Finally we have Jesus, the creator; the Lord of all things is now in total poverty. The words in the letter to the Hebrews are now fulfilled, “ Here I am ready to do your will.” He could have willed the best of places yet he chooses to be born in a manger and there was no room for them in the inn. He chose this way so that we all may have the room for every one.

There is the story of little boys of fourth grade who were asked to act in a Christmas play. The teacher distributed the parts according to their size and aptitude. There was one boy slightly oversized but kind, and wanted to be a shepherd but the teacher because of his size told him to be the innkeeper so that he would tell Joseph and Mary to go away. He reluctantly accepted the part. The play started and the scene came when Joseph and Mary came to the inn and knocked. He said roughly, ‘Go away, there is no room.’ They pleaded again and again and pointed to the situation of Mary. Again but reluctantly told them to go away. Mary then slowly turned and cried on Joseph’s shoulders. The innkeeper was to go away and close the door. But he went to the door and waited. The teacher said, ‘Bang the door and go.’ He opened the door took a step in and then turned back and came to them. He touched Joseph and said, ‘Look there is no room in the inn but you can take my room.’

This is the spirit of Christmas. Whatever be the outcome of the play, the boy made it clear: ‘there is no room in the inn but take my room.’ He had plenty of room in his heart. Jesus had no room but he saw to it that all of us have the room in him and in him all of us are able to give place to others. That is the spirit of Christmas for us.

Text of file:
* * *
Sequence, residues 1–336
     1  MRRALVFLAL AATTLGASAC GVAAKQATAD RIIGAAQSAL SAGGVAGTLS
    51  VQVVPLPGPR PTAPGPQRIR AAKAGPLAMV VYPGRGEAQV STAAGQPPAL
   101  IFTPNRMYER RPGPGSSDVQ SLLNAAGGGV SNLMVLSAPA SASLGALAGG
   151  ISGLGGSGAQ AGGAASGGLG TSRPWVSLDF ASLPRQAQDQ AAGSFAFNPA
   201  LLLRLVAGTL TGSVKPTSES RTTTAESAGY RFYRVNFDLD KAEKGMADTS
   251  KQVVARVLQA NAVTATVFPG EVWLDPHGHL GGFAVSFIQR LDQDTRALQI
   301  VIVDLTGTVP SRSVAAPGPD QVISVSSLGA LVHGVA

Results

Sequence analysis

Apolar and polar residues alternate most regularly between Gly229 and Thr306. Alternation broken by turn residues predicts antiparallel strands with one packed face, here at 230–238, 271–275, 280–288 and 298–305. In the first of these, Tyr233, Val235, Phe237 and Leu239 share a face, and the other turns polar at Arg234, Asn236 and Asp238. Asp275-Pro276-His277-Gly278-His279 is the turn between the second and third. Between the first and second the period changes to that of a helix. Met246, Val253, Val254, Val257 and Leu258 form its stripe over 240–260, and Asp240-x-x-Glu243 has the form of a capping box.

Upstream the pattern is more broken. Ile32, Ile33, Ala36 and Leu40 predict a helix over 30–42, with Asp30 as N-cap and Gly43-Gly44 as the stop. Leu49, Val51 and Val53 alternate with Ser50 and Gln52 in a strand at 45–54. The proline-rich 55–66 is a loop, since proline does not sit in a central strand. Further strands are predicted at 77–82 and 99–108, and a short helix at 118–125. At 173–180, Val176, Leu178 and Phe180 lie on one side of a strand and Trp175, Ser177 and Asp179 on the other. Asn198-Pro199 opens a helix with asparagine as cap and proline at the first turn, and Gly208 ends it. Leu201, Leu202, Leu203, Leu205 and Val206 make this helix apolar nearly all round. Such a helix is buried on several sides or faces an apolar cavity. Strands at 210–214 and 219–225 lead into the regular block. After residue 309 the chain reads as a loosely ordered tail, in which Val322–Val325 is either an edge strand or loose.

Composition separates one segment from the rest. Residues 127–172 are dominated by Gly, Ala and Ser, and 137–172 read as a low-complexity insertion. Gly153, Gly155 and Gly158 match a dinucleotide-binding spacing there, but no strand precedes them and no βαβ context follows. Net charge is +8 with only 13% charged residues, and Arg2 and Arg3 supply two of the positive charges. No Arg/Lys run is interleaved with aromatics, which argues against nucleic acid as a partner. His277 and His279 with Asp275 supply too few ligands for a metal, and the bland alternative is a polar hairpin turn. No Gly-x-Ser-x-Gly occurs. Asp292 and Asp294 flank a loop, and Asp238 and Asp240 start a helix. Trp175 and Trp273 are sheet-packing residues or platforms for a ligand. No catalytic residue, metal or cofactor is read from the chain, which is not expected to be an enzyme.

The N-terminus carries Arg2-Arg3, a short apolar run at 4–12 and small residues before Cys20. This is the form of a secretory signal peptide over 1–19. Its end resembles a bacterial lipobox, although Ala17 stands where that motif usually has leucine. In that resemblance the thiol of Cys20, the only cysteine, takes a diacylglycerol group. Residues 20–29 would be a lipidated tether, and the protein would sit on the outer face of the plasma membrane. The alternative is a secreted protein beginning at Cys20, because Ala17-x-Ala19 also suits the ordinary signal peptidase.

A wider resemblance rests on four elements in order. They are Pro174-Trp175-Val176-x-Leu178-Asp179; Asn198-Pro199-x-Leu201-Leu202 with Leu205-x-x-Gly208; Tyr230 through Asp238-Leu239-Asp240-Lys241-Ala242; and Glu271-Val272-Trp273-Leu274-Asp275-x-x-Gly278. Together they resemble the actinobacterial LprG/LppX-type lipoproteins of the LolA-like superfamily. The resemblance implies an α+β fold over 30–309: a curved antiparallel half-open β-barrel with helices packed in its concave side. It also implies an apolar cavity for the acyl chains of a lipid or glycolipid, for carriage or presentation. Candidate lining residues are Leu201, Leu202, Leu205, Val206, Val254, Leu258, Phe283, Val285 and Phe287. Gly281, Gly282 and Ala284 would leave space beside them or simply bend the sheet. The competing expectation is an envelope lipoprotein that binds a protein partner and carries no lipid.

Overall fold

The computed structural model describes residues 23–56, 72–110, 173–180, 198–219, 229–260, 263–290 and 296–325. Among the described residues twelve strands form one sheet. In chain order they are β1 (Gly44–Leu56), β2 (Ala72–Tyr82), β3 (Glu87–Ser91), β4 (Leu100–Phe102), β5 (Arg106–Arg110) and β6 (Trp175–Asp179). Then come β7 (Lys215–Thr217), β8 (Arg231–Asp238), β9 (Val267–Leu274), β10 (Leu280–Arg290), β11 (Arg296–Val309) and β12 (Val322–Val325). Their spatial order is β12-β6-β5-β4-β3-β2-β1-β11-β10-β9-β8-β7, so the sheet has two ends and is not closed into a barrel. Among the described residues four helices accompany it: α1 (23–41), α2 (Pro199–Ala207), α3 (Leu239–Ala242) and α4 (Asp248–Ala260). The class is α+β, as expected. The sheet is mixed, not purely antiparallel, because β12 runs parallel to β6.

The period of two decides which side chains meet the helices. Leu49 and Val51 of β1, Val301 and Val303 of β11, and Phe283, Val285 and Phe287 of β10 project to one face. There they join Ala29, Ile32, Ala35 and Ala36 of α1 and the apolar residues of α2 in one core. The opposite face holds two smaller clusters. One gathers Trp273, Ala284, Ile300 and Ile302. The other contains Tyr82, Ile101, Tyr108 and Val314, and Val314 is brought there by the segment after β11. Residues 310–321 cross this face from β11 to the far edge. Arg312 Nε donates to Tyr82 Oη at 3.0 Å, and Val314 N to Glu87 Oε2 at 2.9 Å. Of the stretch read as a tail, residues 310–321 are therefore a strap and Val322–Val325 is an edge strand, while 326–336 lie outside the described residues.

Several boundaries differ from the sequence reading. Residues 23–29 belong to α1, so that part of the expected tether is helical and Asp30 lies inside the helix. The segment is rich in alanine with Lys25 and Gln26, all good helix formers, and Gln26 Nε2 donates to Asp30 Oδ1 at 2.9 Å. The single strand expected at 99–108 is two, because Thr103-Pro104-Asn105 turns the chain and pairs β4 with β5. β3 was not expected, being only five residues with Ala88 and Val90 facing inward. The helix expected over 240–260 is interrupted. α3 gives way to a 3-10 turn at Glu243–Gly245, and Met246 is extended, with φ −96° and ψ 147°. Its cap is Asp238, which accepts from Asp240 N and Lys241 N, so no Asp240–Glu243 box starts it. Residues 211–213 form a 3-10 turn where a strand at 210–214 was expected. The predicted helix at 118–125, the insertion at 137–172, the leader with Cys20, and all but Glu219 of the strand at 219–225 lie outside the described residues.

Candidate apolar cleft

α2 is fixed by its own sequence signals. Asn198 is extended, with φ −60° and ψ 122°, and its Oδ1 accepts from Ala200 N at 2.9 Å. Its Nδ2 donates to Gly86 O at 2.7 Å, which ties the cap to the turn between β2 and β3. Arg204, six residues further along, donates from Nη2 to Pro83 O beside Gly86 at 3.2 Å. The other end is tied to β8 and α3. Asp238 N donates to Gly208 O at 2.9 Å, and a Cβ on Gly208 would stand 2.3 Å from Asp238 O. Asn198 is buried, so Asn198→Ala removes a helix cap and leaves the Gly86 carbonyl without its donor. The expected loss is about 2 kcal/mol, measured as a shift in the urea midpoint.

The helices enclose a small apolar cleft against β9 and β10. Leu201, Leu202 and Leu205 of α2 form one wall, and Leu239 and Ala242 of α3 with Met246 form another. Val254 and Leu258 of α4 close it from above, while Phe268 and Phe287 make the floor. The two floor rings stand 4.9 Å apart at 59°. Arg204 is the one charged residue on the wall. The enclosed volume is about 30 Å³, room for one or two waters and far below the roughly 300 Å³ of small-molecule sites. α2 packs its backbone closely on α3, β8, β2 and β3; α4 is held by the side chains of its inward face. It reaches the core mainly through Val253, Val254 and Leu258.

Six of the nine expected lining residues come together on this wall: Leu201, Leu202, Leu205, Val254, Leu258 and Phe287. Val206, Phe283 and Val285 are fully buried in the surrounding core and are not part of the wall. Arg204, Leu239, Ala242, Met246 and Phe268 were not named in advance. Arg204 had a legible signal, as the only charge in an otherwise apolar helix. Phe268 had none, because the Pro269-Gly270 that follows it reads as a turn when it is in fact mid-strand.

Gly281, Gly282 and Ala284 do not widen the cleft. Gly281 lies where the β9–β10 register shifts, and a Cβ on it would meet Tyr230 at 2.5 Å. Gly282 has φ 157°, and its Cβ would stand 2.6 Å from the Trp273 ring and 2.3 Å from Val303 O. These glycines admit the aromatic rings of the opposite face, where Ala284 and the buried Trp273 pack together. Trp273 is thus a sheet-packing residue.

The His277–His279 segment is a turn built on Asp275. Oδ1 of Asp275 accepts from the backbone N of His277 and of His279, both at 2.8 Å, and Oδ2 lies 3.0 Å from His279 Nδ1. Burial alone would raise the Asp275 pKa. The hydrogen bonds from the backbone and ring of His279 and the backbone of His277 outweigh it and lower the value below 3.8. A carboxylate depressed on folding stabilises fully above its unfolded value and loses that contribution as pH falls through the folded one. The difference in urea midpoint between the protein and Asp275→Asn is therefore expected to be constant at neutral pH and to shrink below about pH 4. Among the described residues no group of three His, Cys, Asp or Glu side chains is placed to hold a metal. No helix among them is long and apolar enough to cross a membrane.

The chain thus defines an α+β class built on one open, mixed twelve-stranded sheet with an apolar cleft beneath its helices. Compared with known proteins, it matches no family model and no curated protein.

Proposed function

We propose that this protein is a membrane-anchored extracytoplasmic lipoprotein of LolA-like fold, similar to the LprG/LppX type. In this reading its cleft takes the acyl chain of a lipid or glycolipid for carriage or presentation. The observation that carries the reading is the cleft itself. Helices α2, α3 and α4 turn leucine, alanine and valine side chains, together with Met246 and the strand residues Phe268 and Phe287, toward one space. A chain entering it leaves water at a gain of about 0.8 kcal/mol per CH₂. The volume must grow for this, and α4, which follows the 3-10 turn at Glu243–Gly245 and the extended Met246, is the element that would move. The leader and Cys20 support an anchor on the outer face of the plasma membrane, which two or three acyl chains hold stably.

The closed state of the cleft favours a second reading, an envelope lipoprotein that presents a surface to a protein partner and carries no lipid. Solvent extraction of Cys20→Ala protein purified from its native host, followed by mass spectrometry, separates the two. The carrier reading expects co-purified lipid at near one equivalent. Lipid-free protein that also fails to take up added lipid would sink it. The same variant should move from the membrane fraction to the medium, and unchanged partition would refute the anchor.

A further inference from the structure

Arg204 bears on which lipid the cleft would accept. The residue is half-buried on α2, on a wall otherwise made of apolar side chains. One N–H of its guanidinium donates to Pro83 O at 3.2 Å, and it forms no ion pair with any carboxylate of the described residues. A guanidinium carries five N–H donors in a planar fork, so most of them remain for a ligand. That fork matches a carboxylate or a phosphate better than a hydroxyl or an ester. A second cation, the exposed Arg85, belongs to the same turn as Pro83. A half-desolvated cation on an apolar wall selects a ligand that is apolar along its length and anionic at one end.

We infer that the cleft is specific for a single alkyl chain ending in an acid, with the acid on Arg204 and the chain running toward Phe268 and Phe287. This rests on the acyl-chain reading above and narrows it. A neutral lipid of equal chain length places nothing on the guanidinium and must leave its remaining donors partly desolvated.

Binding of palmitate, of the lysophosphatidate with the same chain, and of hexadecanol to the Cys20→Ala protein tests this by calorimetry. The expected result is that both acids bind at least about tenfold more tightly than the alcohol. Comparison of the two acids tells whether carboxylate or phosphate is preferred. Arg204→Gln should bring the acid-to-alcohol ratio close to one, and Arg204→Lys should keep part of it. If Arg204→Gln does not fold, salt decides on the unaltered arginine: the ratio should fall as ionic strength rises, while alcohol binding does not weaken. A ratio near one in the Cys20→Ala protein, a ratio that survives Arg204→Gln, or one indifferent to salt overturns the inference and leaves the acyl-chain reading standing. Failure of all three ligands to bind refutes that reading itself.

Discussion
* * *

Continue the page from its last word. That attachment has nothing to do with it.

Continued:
Sometimes we wonder whether we are on the right path. We see the crib so richly decorated with such beautiful velvet clothes, such splendor and modern outlook such ventilation and light. But at the first Christmas there were not enough clothes or enough facilities for the new born babe. Perhaps even Jesus would wonder whether it is the right place where he was born. But the spirit of Christmas still prevails, to have room for some one to bring joy in their hearts.

Dear friends, the joy of Christmas is an eternal joy, a joy that no one can take from us because it is the joy of Jesus Christ himself made present in our hearts through the Holy Spirit. The Lord gives us supernatural joy which no pain or sorrow can diminish, and which neither life nor death can take away. Tonight, we share in the joy of the shepherds. We all hurried here to Church to be with our spiritual brothers and sisters in Christ, these consisting of family members, friends, strangers, all who are present in the hope of celebrating the coming of Baby Jesus on earth. Let us make this day of Christmas a special day to bring joy in the heart of someone and make some one have room in our life and hearts.

Mount St. Joseph blog wishes you all a Merry Christmas and a Prosperous New Year.